New to your forum, and my new stove!

Re: New to your forum, and my new stove!

PostBy: EarlH On: Sun Dec 09, 2012 12:51 pm

Those people with that stove they took out of the packing crate think it would settle the national debt. I gave them the business card of the guy that bought the Round Oak baseburner I had and told them it was up to them to contact him and make whatever deal they could with it. So it's hard to tell how that worked out for them. I told them to do some research on the thing before they called the guy as they would only have the thing once. I can't remember what brand it is anymore. It was a medium sized stove, I do remember that. And it had a lot of nickel on it, but it wasn't a really ornate style. For some reason "Lakeside" comes to mind, but it might have been "Riverside". Most of the baseburners I've seen around here over the years have been made by Riverside. And it kind of makes sense since they were just made over along the Mississippi in Rock Island. I've seen 10 or 12 of them over the last 20 years and I've never seen a Riverside that didn't have some cracked castings. They were all large stoves though and who knows how much they've been moved around over the years. And the degree of stupidity that they were handled with....

I did follow that guys thread on lining the firepot on this one with Rutland's refractory cement. It really seems to have cooled the firepot off. I'm really glad about that. It seems to be a good heater and throws off a good deal of heat. It really warms up the floor around the base as well. With the infared thermometer it show readings of around 425-450 on the hottest part of the stove while at the same time it's around 250 at the base. And the stove-pipe as it goes into the chimney is around 165 degrees F. This is the first old baseburner I've ever been around with a fire in it, but it really seems to do a good job for itself. It's only 30 degrees out though right now so it's not terribly cold out. I don't expect this to heat the whole house when it is really cold out. I have an old gravity furnace for that. In this kind of weather though, that gravity furnace is too much heat and I have to keep letting the fire go out.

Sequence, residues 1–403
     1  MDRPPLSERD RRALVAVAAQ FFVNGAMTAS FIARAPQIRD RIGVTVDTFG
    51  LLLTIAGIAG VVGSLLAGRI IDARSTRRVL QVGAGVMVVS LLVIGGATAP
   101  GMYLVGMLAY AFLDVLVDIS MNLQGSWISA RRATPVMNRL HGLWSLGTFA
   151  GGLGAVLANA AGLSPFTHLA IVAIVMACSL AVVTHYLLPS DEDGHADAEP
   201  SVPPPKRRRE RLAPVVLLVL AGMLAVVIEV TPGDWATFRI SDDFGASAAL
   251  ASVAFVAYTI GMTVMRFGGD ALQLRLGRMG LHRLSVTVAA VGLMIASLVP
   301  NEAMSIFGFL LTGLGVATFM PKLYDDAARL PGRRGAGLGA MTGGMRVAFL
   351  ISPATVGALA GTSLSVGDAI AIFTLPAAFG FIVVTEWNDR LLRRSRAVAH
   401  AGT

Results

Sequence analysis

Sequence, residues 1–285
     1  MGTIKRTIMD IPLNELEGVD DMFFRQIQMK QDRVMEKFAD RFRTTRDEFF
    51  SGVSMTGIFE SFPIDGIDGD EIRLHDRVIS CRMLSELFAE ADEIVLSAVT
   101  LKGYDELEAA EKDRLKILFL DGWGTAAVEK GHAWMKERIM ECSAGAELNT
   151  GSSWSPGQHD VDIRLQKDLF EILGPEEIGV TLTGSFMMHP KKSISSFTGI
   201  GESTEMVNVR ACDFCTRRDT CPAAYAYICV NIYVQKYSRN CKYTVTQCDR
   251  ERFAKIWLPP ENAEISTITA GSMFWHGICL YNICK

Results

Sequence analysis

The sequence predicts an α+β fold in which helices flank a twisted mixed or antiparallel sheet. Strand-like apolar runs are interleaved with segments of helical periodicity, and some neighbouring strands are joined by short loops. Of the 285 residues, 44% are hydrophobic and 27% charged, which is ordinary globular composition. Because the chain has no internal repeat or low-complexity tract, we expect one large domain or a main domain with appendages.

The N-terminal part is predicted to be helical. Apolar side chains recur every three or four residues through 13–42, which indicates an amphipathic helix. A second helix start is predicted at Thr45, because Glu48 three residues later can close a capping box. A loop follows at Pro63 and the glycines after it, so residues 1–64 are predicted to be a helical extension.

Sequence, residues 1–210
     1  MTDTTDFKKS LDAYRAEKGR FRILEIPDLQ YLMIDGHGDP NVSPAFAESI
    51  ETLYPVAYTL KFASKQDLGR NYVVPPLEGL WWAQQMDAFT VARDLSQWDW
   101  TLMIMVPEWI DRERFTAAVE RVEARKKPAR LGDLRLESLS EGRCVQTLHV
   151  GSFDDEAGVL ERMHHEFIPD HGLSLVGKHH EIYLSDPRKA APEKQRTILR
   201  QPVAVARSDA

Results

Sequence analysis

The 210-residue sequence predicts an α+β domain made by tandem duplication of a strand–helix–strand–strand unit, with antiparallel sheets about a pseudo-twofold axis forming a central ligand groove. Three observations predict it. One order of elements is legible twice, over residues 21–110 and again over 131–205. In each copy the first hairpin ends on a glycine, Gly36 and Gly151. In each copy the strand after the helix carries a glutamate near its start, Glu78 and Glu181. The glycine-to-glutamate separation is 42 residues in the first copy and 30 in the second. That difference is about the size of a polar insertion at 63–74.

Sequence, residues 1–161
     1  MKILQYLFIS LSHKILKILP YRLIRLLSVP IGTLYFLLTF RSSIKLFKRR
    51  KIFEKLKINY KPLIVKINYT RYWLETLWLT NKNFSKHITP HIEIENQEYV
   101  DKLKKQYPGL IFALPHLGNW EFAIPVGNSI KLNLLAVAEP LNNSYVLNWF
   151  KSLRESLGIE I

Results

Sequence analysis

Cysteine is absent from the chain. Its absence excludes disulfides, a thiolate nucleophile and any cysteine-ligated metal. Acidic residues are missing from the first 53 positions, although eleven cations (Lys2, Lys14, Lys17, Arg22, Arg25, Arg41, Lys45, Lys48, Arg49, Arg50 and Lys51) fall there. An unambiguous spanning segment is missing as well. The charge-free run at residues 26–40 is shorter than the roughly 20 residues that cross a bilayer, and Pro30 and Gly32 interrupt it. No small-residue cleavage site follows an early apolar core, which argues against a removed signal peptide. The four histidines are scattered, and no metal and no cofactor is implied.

EarlH
 
Baseburners & Antiques: Favorite 261, Columbian Joy A2
Coal Size/Type: Favorite-16" firepot; Columbian Joy-12"

Re: New to your forum, and my new stove!

PostBy: SteveZee On: Mon Dec 10, 2012 9:32 am

Sounds like a midwestern stove for sure. I don't know exactly where you are located but I'll assume it's midwest. Allot of people find something like that and go on-line and think they hit the jackpot. They usually compare it to the highest price they find (Like Goodtime Stoves in Mass.) He's about 3 times the price of reality.
Here on the east coast we had lots of foundries and most of the stove brands were quite well knows names like Glenwood, Crawford, Herald, Quaker, etc...etc..

It sounds like you're stove is doing a nice job for you based on it's size and what it heats. That style of base heater was very popular and copied by a load of manufacturers. Your numbers say like it's running really well. How would you compare it to the Round Oak you previously had? I know the RO was bigger but can you see a considerable differance in it's efficiency in comparison?
SteveZee
 
Hand Fed Coal Stove: Glenwood Modern Oak 116 & Glenwood 208 C Range

Re: New to your forum, and my new stove!

PostBy: nortcan On: Mon Dec 10, 2012 7:42 pm

Welcome to the forum Earl.
You got a really nice stove but also as a bonus a very performant little stove. Mine is also a 12" firepot, down to 9.5" with the liner(small but good for the small space to heat with) and that stove could heat a much bigger space if needed to. Radiates heat so much with those mica plus the convection system helps to move the air around the place...they knew what they were doing at that time :idea: .
Keep on sending photos.
nortcan
 
Stove/Furnace Make: Stuart,Peterson/ Grander
Stove/Furnace Model: Sunnyside/ Golden Bride

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Re: New to your forum, and my new stove!

PostBy: EarlH On: Mon Dec 10, 2012 10:01 pm

SteveZee wrote:Sounds like a midwestern stove for sure. I don't know exactly where you are located but I'll assume it's midwest.

It sounds like you're stove is doing a nice job for you based on it's size and what it heats. That style of base heater was very popular and copied by a load of manufacturers. Your numbers say like it's running really well. How would you compare it to the Round Oak you previously had? I know the RO was bigger but can you see a considerable differance in it's efficiency in comparison?